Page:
Did you know the AGO collection – both on display and in the vaults – has a total of nearly 95,000 works? Curators are strategically adding to that number by acquiring key pieces, supported by the generosity of donors and collectors who share the mission to bring people together with great art.
To keep you up to date with what’s new in the Gallery and as part of the Look:Forward initiative, they’ve created a gallery space dedicated to showing many recent acquisitions. Located in Irina Moore Gallery West on Level 2 of the AGO – head up the scissor stairs and take a right down the hallway – this exhibit will rotate every few months.
Right now two key works from Japanese artist Yayoi Kusama, Town (1999) and Butterfly (1985) are on display. Both works are colourful screen prints and feature Kusama’s signature polka dot motif. Kusama once said, “Our earth is only one polka dot among millions of others…we must forget ourselves with polka dots! We most lose ourselves in the ever-advancing stream of eternity.” In Butterfly, she uses contrasting psychedelic colours to appeal to our sensory imagination – and you may wonder if the butterfly is flying through space or if it’s caught in a net. Many more works by Kusama will be featured in the upcoming show, Yayoi Kusama: Infinity Mirrors, opening on March 3.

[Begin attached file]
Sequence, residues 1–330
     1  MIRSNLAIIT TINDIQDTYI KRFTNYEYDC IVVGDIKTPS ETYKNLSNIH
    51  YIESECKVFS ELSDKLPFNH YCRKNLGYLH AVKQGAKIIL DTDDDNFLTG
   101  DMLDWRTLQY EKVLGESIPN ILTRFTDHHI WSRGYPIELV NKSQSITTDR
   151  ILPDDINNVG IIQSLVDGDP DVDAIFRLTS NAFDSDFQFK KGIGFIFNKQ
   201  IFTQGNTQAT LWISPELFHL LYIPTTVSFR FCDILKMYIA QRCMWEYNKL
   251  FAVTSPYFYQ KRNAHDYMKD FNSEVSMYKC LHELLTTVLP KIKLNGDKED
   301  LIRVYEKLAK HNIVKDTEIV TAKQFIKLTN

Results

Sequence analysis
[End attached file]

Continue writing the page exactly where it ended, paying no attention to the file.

On a nearby wall, you’ll spot two works by Barbara Astman, Dear Jared (1979-80) and Untitled (1981). Astman is an American-born artist who moved to Toronto to study at the Ontario College of Art (now OCADU) in 1970. Though the works were created only a few years apart, Dear Jared and Untitled highlight a shift in Astman’s practice: a move away from using text in her work and towards a focus on the symbolism of objects in her photographs.
Alongside these works, you’ll also see Andy Warhol’s Campbell’s Soup I (1968), Jasper Johns’s Two Flags (1980) and Roy Lichtenstein’s Two Paintings: Dagwood (1984), all of which were acquired in the last year, thanks to a generous donation from Margaret and Jim Fleck.